Repeat, but raise your arms so they’re at a 30-degree angle to your body (forming a Y) this time. Pause, and then lower.
Repeat again, but raise your arms so they’re at a 90-degree angle to your body (forming a T). Pause, and then lower.
The handstand hold builds an extreme amount of upper body strength and stamina. (Plus, it makes you look like a complete badass once you master it.) The hold places a significant load on your shoulders and forces your muscles to stabilize for long lengths of time, says BJ Gaddour, fitness expert.
DO IT: Place your hands on the floor about a foot away from a wall. Keeping your arms straight, kick your feet overhead until they touch the wall. Allow your heels to lightly rest against the wall so you can stay in the handstand position. Lock out your arms. Hold this position as long as possible.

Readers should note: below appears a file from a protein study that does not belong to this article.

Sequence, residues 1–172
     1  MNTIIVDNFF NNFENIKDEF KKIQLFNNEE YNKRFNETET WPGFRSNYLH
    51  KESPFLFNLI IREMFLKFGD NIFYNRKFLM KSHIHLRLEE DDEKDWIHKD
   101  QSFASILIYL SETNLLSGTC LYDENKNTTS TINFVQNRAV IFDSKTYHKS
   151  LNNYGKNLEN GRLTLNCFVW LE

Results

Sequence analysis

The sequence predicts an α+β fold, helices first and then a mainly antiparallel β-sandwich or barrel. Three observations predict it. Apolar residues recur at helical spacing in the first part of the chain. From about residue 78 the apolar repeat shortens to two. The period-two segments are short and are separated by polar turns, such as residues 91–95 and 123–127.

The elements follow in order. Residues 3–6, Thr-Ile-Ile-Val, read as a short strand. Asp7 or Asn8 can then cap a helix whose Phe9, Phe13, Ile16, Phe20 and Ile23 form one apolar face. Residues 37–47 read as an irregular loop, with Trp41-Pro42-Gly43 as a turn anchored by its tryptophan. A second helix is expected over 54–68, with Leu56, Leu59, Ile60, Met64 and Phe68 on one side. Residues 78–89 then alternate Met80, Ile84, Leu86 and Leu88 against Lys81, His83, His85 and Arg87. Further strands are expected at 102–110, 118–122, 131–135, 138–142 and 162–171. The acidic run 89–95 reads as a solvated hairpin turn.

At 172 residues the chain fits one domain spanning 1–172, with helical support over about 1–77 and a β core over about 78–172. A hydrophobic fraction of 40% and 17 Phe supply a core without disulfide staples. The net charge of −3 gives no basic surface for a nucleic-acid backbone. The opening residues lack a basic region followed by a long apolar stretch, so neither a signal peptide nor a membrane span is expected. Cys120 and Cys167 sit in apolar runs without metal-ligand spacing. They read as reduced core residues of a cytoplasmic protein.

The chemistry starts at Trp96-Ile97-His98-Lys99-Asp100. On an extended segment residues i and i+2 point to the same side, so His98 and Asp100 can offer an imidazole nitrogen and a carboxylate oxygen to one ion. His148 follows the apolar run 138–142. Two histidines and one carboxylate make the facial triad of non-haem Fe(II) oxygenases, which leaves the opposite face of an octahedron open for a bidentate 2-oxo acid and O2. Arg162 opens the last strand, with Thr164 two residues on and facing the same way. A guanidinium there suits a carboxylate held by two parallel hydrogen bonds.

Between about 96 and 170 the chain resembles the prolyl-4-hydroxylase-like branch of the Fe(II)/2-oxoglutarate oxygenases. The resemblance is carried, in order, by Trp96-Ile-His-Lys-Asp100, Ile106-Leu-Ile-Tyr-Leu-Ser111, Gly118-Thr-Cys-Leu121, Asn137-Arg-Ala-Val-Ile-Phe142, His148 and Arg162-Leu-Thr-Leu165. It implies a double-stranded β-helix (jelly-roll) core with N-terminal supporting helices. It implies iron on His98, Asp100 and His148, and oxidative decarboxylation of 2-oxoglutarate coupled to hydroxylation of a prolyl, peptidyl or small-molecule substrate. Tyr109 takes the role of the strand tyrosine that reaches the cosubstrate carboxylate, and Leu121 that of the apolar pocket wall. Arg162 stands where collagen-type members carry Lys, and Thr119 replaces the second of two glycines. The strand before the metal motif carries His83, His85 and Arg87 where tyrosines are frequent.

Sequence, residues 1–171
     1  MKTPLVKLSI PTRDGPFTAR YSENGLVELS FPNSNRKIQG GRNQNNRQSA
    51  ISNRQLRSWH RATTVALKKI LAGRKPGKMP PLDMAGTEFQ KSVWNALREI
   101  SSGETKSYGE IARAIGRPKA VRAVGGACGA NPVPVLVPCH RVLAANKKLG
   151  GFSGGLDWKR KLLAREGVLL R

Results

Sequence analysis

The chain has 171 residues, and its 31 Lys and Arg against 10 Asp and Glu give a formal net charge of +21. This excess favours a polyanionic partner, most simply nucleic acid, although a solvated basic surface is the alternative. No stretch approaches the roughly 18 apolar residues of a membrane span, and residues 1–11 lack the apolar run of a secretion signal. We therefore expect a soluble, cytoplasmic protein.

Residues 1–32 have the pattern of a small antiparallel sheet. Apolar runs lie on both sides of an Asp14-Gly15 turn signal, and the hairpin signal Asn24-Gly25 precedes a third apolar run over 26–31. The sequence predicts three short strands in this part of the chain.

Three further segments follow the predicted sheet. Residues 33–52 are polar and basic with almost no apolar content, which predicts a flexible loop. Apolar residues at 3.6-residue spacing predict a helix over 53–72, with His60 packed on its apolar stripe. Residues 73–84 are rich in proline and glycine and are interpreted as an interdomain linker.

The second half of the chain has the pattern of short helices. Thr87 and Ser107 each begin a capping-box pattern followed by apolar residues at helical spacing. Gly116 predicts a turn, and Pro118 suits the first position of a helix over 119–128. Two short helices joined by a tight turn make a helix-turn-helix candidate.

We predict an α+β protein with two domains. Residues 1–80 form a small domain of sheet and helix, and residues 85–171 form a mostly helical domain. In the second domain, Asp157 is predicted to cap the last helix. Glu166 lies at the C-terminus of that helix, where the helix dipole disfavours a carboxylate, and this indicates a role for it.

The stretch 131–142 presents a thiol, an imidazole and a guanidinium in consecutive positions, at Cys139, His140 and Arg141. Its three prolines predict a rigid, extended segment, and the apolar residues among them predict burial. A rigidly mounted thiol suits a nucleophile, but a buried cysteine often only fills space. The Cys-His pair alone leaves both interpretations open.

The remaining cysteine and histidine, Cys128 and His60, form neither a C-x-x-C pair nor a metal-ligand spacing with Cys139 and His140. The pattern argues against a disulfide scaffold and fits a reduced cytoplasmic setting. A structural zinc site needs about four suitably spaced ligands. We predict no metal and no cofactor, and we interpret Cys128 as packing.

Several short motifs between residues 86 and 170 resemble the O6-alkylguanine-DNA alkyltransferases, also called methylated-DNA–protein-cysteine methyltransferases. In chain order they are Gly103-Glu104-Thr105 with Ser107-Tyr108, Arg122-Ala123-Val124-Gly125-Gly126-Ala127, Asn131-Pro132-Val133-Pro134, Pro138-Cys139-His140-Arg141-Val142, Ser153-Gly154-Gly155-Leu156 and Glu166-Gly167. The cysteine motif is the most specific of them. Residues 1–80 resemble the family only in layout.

HALF-KNEELING BOTTOMS-UP KETTLEBELL PRESS
“Pressing the kettlebell bottoms up makes the movement less stable, increasing the difficulty,” says Gaddour. That’s because the weight wants to tip from one side to the other. Keeping it steady enough to press it overhead takes immense grip strength and shoulder stability, he explains.
DO IT: Kneel with your left knee forward and bent 90 degrees. Hold a kettlebell just outside your shoulder in the bottoms-up rack position at your shoulder. (The handle should point toward the floor and the bell should point toward the ceiling.) Squeeze the handle, and then press the bell overhead until your arm is straight. Keep your biceps next to your ear and your shoulder pulled down. Pause, and then reverse the movement.
SEATED DUMBBELL EXTERNAL ROTATION
If you love to bench, you need this exercise. It strengthens your rotator cuff muscles, the small stabilising muscles that play big roles during presses and pushups.
DO IT: Grab a dumbbell in your left hand and sit on a bench. Place your left foot on the bench with your knee bent. Flex your left elbow 90 degrees and place it on top of your left knee. Don’t bend your wrist. Now rotate the dumbbell down so your forearm is parallel to the floor. Pause, then return to the starting position.